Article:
The Vocabulary of Salvation – Remission

This particular episode is dedicated to my daughter Aphesia. You are a constant reminder of God’s love and forgiveness. You may be too young to read this right now but know that you’re loved and cherished.

Hi fellow bible nerds! Yes if you’ve stuck with us throughout this series, you’re now on bible nerd status. The VOS series has been an exciting one and today we take it a step further. In today’s post we are going to examine the word Remission. We’re going to look at what the biblical authors seek to communicate when they use this word, what it should mean to us and as always how it all ties up in the person of Jesus Christ. Great? Let’s jump right in.

Remission stands at the heart of the Christian doctrine of Justification (our next post). Because of Christ’s propitiatory sacrifice on our behalf on the cross, His righteousness is imputed on us as he paid the price for our sin. (Need a refresher? Check our post on propitiation). The word remission is made up of the prefix “Re” and the word “mission”. The word mission is from the Latin word “missio” which means to send. The prefix “Re” means again or away. So in effect when we speak of remission of sins we are talking about the sending away of our sins. Sins are said to be remitted when the offender is treated as though the offence never happened.

In the old testament we don’t see the word readily used by the biblical authors however we see a picture being painted which points to a reality that would be fulfilled in the future in Jesus. Remember the elaborate sacrifice we mentioned from our last post? In Leviticus chapter 16, there were two goats that played a pivotal role on the national Day of Atonement. All the animal sacrifices find their ultimate fulfilment in Christ but today we focus on these two. On the Day of Atonement, these two goats would be presented at the door of the tabernacle of meeting on behalf of the nation. Lots would be cast for the goats. One would be sacrificed on behalf of the people for their sins in that year. The second goat on the other hand was labeled the scapegoat. This goat was a physical embodiment of all the sins of the nation of Israel that year. After the sacrifice the scapegoat would be carried outside the camp of Israel’s dwelling in the wilderness. This signified the “sending away” of the sins of the nation. The two actions should not be seen as two separate actions but one action in two parts. Think of it like a symphony in two movements. The first movement sets the stage for the second which brings out the import of the first act. In the first act, the price for sin is paid and in the second the presence of sin is sent away.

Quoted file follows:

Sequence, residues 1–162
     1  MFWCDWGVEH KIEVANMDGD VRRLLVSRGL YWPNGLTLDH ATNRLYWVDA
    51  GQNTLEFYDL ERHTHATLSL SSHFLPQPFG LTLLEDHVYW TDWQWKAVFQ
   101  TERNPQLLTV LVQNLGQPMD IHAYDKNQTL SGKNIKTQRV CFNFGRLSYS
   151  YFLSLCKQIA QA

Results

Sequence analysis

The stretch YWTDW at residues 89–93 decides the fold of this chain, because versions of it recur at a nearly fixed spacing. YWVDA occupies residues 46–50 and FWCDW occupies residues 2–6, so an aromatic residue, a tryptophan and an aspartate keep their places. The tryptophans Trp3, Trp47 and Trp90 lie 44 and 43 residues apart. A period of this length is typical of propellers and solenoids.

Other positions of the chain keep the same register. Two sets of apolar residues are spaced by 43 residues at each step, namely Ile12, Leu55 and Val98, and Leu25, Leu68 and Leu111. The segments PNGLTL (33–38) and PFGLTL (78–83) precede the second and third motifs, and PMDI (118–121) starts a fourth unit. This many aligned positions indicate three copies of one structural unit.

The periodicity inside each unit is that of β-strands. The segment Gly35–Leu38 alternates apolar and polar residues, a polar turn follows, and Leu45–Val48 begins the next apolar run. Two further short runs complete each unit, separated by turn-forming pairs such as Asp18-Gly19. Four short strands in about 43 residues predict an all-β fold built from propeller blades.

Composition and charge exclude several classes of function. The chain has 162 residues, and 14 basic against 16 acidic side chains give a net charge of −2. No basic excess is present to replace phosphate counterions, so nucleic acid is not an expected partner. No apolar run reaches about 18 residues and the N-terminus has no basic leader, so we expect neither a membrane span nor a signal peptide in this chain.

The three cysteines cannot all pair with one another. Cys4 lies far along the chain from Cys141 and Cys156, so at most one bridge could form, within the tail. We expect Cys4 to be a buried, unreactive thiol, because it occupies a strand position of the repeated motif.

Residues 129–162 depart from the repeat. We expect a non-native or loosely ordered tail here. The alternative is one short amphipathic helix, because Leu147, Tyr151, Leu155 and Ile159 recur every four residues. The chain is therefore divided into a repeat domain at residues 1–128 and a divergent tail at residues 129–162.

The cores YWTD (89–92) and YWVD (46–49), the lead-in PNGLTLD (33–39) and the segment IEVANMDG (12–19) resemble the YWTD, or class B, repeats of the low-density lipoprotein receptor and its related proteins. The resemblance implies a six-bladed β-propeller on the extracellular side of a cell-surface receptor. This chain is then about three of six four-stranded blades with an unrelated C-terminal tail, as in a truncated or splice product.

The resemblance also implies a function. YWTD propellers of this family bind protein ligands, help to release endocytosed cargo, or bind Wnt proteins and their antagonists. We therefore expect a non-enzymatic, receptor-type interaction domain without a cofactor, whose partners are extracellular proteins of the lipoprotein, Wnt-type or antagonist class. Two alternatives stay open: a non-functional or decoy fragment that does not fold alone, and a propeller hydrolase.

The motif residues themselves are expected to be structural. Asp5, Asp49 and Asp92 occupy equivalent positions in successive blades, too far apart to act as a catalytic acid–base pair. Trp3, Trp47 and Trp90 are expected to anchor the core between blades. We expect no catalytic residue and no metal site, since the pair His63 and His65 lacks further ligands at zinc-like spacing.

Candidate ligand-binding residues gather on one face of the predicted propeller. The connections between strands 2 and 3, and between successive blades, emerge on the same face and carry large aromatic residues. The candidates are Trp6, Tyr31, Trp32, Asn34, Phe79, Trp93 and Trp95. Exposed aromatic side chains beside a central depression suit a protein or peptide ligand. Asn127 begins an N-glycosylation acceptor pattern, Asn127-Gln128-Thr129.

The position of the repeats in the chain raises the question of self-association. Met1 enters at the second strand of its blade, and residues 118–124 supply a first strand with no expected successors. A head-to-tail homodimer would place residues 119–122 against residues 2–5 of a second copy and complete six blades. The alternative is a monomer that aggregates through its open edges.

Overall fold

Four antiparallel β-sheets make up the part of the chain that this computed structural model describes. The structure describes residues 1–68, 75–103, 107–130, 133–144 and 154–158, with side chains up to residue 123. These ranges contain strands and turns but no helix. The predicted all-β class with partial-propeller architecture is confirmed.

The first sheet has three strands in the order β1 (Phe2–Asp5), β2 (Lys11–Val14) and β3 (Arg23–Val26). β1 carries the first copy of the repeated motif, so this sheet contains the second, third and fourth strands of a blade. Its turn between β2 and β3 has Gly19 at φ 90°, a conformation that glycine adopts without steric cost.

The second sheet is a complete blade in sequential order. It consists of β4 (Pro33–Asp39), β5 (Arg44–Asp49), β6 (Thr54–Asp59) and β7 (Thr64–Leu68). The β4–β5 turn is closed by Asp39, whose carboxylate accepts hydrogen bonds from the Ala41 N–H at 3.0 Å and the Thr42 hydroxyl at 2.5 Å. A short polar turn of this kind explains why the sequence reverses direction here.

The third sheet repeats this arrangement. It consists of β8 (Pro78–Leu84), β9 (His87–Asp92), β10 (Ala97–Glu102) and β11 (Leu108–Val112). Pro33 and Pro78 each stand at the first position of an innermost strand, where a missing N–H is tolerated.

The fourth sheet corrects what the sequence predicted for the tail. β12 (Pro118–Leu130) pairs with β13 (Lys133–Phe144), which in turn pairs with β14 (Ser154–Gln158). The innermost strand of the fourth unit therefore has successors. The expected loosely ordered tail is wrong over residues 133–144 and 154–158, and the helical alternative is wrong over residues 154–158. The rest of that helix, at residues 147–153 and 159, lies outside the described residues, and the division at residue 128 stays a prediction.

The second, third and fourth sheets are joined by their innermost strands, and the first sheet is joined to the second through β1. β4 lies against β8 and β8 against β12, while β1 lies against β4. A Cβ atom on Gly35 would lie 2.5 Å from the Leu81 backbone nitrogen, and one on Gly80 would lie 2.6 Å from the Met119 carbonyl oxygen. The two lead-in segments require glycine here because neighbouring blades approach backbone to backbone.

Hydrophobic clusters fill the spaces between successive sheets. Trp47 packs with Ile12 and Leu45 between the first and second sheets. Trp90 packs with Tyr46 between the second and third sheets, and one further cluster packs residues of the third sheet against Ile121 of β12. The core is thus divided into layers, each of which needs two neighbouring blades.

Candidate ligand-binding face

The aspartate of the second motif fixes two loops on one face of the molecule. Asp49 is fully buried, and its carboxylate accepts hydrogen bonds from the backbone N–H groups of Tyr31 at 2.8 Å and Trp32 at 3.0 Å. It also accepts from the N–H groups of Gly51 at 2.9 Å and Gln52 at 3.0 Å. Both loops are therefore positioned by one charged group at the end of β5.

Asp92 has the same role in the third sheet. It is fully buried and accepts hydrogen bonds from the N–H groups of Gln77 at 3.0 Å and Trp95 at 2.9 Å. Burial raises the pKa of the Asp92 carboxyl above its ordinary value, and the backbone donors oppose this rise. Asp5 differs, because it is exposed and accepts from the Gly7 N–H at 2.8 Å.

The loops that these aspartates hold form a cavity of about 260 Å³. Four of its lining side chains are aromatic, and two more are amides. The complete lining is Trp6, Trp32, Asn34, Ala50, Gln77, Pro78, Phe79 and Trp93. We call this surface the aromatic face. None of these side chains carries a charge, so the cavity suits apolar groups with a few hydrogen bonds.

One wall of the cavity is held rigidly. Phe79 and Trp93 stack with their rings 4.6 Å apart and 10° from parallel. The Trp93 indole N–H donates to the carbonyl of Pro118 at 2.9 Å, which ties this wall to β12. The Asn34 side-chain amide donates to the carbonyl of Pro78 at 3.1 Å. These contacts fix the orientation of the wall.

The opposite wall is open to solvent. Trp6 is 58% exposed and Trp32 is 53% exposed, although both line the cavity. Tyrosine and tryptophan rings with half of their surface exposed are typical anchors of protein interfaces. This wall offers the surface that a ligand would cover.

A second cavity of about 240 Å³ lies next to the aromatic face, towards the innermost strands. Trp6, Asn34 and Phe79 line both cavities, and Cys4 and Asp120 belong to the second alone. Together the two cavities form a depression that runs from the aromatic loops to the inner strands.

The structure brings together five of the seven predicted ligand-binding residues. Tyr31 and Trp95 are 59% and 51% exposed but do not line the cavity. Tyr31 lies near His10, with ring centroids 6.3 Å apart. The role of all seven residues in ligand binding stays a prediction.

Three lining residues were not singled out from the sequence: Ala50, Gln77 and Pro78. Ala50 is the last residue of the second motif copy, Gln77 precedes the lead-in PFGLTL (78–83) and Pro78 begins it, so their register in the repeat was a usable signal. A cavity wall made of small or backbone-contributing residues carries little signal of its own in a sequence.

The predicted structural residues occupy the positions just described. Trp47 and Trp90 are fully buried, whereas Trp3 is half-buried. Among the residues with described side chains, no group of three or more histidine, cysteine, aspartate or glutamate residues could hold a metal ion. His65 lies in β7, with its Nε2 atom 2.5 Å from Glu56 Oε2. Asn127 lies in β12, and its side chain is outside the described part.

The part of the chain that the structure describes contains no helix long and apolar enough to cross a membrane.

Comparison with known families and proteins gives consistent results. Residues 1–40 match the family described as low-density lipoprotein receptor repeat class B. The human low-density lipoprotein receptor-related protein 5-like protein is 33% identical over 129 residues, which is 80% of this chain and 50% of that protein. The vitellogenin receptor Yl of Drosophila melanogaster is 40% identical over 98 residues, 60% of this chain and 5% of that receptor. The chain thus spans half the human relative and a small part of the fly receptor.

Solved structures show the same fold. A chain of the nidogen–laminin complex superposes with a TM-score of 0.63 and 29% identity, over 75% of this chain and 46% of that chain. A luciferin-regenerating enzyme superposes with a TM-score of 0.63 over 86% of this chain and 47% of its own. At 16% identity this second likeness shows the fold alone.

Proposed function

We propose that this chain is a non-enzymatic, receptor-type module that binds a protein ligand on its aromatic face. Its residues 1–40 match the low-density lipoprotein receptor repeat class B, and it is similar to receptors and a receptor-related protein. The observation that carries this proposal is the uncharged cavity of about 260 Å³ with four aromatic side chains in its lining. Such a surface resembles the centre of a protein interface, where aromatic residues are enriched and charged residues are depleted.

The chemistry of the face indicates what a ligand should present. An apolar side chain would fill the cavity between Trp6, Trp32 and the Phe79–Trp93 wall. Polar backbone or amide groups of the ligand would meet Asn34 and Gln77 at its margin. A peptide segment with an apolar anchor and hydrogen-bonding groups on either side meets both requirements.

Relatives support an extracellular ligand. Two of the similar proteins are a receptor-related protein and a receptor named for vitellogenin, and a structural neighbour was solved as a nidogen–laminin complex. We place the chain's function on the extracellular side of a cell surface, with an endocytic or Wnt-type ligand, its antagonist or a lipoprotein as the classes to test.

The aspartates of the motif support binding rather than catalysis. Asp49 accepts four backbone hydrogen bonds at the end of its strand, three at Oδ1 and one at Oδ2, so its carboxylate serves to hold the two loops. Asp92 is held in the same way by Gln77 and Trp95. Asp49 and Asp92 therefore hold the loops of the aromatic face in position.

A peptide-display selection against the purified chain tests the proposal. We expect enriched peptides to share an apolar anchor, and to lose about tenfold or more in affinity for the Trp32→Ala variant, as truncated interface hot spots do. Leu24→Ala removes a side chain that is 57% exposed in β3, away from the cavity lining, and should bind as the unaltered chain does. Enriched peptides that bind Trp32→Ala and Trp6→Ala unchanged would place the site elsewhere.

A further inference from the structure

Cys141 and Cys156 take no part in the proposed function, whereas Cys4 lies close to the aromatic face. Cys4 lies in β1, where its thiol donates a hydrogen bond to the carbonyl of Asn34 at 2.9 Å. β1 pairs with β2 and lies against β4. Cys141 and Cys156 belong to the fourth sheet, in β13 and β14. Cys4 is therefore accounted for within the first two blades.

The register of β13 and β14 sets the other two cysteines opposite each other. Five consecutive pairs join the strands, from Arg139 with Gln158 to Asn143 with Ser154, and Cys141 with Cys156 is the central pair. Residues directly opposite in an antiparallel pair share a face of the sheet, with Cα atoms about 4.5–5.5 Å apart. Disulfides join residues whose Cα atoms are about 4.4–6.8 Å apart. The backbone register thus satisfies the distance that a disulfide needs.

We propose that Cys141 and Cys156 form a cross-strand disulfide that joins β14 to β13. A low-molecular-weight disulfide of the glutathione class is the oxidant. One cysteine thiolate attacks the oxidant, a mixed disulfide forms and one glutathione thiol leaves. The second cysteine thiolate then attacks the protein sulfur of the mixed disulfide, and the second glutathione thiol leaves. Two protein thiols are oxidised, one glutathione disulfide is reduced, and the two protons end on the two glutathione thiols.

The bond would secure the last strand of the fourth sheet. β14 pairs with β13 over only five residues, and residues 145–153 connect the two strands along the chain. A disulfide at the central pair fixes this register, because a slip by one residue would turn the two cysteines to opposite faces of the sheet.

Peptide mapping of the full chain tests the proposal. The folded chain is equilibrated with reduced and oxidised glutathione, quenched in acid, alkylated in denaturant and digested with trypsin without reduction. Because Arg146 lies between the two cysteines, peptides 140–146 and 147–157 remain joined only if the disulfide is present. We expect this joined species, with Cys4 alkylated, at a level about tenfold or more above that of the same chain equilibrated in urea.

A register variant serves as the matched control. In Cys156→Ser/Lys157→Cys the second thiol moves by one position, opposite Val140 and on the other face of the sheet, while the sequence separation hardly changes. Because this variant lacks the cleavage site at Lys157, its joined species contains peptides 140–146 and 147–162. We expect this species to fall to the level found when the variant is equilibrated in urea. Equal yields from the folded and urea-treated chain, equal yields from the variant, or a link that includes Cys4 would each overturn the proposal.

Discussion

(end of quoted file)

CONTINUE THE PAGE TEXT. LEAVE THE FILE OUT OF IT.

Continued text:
All this like other practices of the nation of Israel was pointing toward a time where the sins of humanity would be paid for and finally sent away from our lives and God’s presence.

The writer of the book of Hebrews reflecting on this idea, in the light of Jesus’ death on the cross aptly remarks;

Hebrews 9:22

And according to the law almost all things are purified with blood, and without shedding of blood there is no remission.

In the New Testament two Greek words are usually translated as remission in our English bibles. They are ‘Paresis’ and ‘Aphesis’. Both carry a similar range of meaning but one is used more frequently than the other. Paresis which is used less frequently by the New Testament authors means to let pass or disregard. When the New Testament writers use this word in regards to the sacrifice of Christ, they are indicating to us that God has decided to disregard our sin on account of Jesus’ sacrifice (Isn’t that amazing?). The next word which most of the NT writers use is the word Aphesis. It means to release from bondage or imprisonment. It also means to pardon a crime worthy of punishment. It is also sometimes translated as forgiveness depending on the context in which it appears. In fact whenever the apostle Paul spoke about the sacrifice of Christ and the forgiveness we have as a result, this was the word he used. In Ephesians chapter 1 verse 7 we read;

“In Him we have redemption through His blood, the forgiveness (Aphesis) of sins, according to the riches of His grace.”

You and I know how painful forgiveness can be sometimes especially when the culprits are unrepentant. But God looks at us in our sinful and guilty state and because of what He in Jesus has done for us, He stands ready to forgive us and drive our sins away. Jesus became the scapegoat that carried and embodied the sin of humanity and at the same time was the goat that was slaughtered to pay the price of our sins. He at once took our sins away while granting us access to God’s presence.

Interestingly when Jesus appeared to his disciples after his resurrection and was commissioning them to preach, the message he sent them out with was the gospel of remission. In Luke 24:46-48 we read the words of Jesus. 

Then He said to them, “Thus it is written, and thus it was necessary for the Christ to suffer and to rise from the dead on the third day, and that repentance and remission (Aphesis) of sins should be preached in His name to all nations, beginning at Jerusalem. And you are witnesses of these things.

Just as it was back then so it is today. Our message is a simple one. Jesus Christ suffered, died and rose again on the third day on your behalf so that you may receive the remission of your sin if only you will believe. His arms are outstretched, longing to reel you in. Don’t leave Him hanging.

What is your answer to His offer?

All scripture quotations, unless otherwise indicated, are taken from The New King James Version (NKJV).

VOS – Vocabulary of Salvation

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